In the right circumstances Ground-Based Air Defence can be a game-changer. Given that the Australian Defence Force invariably deploys when it fights, it is a capability our defence planners need to take more seriously.
The popular image of the fight to win control of the air is one of scores of fighters locked in swirling dogfights, epitomised by the Battle of Britain in World War II and MiG Alley in Korea. A less well-known method of asserting air control is Ground-Based Air Defence (GBAD), which in certain circumstances has been very successful.
GBAD incorporates all or some of surface-to-air missiles, anti-aircraft artillery, early-warning systems, and command and control centres, almost invariably in fixed locations. It has often been the choice of technologically modest and under-resourced forces opposed to superior opponents.
The battle of Dien Bien Phu in 1954 was a prime example. Despite not even having an air force, the Viet Minh (North Vietnam) were able to assert control of the air over their technologically-advanced French enemies using an ad hoc GBAD system.
Dien Bien Phu was one of a number of remote fortified camps the French established hoping to draw their elusive enemy into “meat-grinder” set-piece battles. Because of the camps’ isolation, their airstrips were vital for resupply, reinforcement, and launching close air attack missions, which in turn made local control of the air essential. The French believed their airstrip at Dien Bien Phu could not be threatened.
But the Viet Minh confounded French expectations by using 30,000 peasant labourers to man-handle two regiments of artillery and heavy mortars though the jungle onto the hilltops overlooking Dien Bien Phu. The Viet Minh now dominated the airstrip, which they made almost unusable. With their lifeline cut, the French were eventually over-run.
Egypt similarly employed GBAD to negate Israel’s overwhelmingly superior air force during the first week of the October 1973 Arab-Israeli War. In the June 1967 Six-Day War, the Egyptian Air Force had been destroyed on the ground by the Israeli Air Force in a matter of hours. Learning from that experience, in 1973 Egypt’s leaders essentially kept their air force out of harm’s way and relied instead on an intensive GBAD system of missiles and AAA, especially along the Suez Canal.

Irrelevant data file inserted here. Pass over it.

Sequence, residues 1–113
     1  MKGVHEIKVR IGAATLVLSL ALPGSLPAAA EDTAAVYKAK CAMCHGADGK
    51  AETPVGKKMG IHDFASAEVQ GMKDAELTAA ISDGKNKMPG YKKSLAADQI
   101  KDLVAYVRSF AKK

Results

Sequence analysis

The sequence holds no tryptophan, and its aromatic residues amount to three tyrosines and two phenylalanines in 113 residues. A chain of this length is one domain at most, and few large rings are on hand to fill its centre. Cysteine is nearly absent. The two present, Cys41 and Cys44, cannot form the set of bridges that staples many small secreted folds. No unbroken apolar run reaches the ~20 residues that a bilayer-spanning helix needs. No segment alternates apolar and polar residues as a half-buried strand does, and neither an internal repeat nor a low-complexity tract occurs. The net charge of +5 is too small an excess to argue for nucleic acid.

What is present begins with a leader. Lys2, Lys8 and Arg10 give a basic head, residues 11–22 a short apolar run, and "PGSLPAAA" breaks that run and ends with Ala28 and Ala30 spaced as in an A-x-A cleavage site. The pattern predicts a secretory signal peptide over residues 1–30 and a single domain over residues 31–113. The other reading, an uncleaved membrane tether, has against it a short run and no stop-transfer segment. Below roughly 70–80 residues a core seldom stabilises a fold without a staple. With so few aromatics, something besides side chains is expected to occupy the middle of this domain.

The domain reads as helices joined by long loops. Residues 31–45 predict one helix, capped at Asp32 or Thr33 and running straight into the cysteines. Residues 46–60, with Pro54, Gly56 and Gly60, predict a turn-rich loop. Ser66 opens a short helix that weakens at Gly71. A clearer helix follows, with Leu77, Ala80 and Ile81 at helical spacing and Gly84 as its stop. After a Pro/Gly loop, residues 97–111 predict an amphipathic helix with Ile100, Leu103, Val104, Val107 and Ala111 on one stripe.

Complacent after its 1967 victory, the IAF was caught unprepared for this different threat and in the first few days lost about 15 percent of its strike/fighters. The loss rate was unsustainable. It was only after Israeli tanks and paratroopers had smashed a gap in the Egyptians’ GBAD barrier through which Israel’s jets could safely fly that the IAF was able to assert its usual dominance over the battlefield. Egypt’s use of GBAD was a clever tactic which succeeded for a week against a technologically and operationally vastly superior force.
An even more striking result was achieved by mujahideen guerillas fighting against Soviet invaders in Afghanistan between 1979 and 1989.
Initially the Soviets enjoyed uncontested air supremacy, which enabled their Mi-8 and Mi-25 heavy-lift and attack helicopters to play an apparently war-winning role, with the guerillas being unable to cope with the manoeuvre and firepower the helicopters provided. However, the situation changed dramatically in 1986 when the US supplied the mujahideen with Stinger shoulder-launched anti-aircraft missiles. In the next three years the guerillas shot-down some 270 Soviet helicopters, creating a decisive shift of momentum in the war.
Australia’s post-World War II experience with GBAD has been slight.
The Army has operated small numbers of short-range, point-defence-only weapons which could scarcely be described as a system. The RAAF went much further in 1961 when it established No. 30 Squadron at Williamtown, equipped with Bloodhound surface-to-air missiles and early-warning radars. With an intercept envelope of 45 kilometres range and 9000 to 50,000 feet altitude, the Bloodhound was typical of its generation. It was also typically inflexible. Even with a (dubious) claimed kill-probability of 90 percent for each salvo of four missiles fired, scores of batteries would have been required to defend Australia’s many high-value targets.
Following No. 30 Squadron’s disbandment in 1968, the RAAF has shown little interest in GBAD systems. Indeed, applying the maxim that attack is the best form of defence, the RAAF’s approach to the broader issue of control of the air has been active rather than passive. Of note here is the recent acquisition of twelve EA-18G Growler electronic attack aircraft, which can detect and jam most – some commentators say all – known forms of surface-to-air threats.
Australia’s 2016 Defence White Paper flagged an intention to acquire a new short-range GBAD system for the Army “by the early 2020s” and a medium-range system by the “mid-to-late 2020s”. These are good intentions but, to state the obvious, the time-frame is relaxed.
As the experiences outlined in this article illustrate (and there are more), in the right circumstances GBAD can be a game-changer. Given that the Australian Defence Force invariably deploys when it fights, it is a capability our defence planners need to take more seriously.
Cody Stephens is a law graduate who works in technology and innovation research
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